Bath Iron Works Lays Keel for U.S. Navy’s Third and Final Zumwalt Destroyer

The guided-missile destroyer USS Zumwalt (DDG 1000) transits the Atlantic Ocean during acceptance trials, April 21, 2016. U.S. Navy Photo
The guided-missile destroyer USS Zumwalt (DDG 1000) transits the Atlantic Ocean during acceptance trials, April 21, 2016. U.S. Navy Photo

General Dynamics Bath Iron Works in Bath, Maine has laid the keel of the third and final ship in the U.S. Navy’s Zumwalt-class of high-tech and high-powered destroyers.

Luci Baines Johnson applauds Timothy Trask, a Bath Iron Works welder, after he helped her authenticate the keel plate of DDG 1002, the future USS Lyndon B. Johnson, January 30, 2017. Photo: Bath Iron Works
Luci Baines Johnson applauds Timothy Trask, a Bath Iron Works welder, after he helped her authenticate the keel plate of DDG 1002, the future USS Lyndon B. Johnson, January 30, 2017. Photo: Bath Iron Works

The future USS Lyndon B. Johnson (DDG 1002) is named in honor of President Lyndon B. Johnson, the 36th president of the United States. President Johnson’s daughters, Lynda Johnson Robb and Luci Baines Johnson are the ship sponsors. A special steel plate containing the initials of the sisters was prepared for the ceremony. Assisted by Timothy Trask, a 30-year Bath Iron Works welder, the sponsors authenticated the laying of the keel by striking welding arcs onto the steel plate.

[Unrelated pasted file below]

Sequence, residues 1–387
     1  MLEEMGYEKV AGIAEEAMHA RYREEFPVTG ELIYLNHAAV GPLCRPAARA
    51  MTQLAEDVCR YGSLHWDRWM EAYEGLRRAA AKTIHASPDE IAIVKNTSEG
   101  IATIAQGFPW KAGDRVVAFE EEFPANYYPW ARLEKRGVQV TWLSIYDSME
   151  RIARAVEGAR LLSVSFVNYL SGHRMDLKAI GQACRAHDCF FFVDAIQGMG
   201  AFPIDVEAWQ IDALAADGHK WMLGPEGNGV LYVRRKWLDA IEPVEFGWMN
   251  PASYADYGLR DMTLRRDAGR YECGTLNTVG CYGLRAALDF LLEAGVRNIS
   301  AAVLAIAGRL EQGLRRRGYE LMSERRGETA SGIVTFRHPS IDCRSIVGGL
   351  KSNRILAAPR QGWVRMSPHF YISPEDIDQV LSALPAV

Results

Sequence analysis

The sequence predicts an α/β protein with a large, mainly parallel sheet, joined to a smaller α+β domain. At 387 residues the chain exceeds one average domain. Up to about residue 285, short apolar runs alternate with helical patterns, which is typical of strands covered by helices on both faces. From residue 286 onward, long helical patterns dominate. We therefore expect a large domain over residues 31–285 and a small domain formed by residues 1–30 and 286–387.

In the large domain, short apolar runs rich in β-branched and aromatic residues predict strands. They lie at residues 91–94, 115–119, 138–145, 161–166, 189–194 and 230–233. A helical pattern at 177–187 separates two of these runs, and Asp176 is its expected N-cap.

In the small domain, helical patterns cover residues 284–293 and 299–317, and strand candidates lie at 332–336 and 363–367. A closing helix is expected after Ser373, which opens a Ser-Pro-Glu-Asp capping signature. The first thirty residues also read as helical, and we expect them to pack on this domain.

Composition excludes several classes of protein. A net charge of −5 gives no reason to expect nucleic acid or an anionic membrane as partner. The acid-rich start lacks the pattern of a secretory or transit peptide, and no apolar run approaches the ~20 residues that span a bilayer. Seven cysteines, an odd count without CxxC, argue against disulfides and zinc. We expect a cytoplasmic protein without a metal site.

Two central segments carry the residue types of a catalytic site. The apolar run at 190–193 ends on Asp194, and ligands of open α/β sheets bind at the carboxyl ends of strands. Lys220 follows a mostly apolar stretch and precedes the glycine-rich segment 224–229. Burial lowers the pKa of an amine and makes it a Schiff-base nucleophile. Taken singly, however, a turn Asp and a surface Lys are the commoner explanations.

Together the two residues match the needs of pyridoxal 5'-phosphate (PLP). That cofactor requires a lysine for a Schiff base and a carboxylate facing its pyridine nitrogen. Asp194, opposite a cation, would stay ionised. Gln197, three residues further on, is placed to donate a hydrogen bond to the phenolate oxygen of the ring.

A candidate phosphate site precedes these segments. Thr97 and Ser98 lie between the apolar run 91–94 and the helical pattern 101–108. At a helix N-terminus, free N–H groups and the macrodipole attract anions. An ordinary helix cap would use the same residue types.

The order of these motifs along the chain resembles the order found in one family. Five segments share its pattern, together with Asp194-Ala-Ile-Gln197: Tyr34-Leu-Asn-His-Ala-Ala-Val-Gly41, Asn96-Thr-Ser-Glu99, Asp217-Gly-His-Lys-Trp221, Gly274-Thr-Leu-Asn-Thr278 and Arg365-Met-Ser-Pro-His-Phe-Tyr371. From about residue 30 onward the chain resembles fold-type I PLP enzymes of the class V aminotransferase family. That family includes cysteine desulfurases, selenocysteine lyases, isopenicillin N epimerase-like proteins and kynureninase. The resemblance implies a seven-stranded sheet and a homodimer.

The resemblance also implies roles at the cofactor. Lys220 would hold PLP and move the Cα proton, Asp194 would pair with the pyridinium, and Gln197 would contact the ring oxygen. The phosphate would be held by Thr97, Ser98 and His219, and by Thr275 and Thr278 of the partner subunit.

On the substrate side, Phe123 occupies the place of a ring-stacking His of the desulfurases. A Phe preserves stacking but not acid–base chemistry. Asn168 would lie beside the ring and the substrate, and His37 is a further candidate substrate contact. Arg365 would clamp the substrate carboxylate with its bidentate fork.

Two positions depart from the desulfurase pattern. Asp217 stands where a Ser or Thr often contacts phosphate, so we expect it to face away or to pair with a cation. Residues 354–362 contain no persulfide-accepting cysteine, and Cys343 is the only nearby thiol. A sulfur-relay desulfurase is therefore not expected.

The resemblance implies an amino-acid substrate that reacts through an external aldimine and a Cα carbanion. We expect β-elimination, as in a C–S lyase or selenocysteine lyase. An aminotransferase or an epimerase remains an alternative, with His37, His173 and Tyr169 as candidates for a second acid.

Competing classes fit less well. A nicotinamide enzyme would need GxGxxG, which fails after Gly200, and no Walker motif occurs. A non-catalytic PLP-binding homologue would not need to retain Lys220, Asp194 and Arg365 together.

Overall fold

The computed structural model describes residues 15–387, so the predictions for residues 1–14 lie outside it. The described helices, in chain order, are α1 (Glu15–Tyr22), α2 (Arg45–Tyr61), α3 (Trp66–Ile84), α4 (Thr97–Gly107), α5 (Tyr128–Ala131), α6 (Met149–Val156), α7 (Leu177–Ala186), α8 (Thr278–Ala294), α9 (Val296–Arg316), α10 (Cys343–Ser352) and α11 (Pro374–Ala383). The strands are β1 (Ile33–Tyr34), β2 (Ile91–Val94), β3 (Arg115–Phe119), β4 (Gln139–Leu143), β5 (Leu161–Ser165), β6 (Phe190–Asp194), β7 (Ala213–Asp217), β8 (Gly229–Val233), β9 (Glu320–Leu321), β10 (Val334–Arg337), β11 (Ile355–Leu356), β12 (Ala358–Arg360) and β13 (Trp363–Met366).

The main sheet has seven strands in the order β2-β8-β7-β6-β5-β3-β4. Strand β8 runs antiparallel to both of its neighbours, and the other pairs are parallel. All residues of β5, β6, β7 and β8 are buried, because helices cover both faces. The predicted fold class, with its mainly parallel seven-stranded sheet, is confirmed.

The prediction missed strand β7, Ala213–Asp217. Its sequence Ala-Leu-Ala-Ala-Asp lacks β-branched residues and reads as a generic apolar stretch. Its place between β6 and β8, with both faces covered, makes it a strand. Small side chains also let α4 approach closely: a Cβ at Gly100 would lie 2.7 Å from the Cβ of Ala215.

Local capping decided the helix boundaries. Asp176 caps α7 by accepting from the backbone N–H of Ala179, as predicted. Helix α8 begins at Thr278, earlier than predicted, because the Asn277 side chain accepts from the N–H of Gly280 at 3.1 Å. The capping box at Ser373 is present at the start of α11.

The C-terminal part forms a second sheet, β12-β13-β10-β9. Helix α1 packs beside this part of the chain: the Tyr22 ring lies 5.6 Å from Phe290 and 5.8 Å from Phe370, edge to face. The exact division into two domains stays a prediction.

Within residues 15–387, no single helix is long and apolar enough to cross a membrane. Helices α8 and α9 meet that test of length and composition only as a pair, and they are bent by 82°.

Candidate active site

The DDG 1001, to be named USS Michael Monsoor, is more than half completed at Bath Iron Works. Earlier this winter the keel unit, a 4,000-ton module, was moved onto the building ways from the shipyard’s Ultra Hall construction facility, signifying the start of hull integration and the pre-cursor to integration, test and trials.

The USS Zumwalt (DDG 1000) was delivered to the U.S. Navy in May 2016 and is currently undergoing Mission Systems Activation at her new homeport in San Diego.

The Zumwalt-class is described as the U.S. the Navy’s next-generation of multi-mission surface combatants. The 610-foot ships feature a wave-piercing tumblehome hull design and reduced radar cross section, making the ship less visible to enemy radar at sea. Including research and development costs, the three Zumwalt destroyers are estimated to cost about $22.5 billion.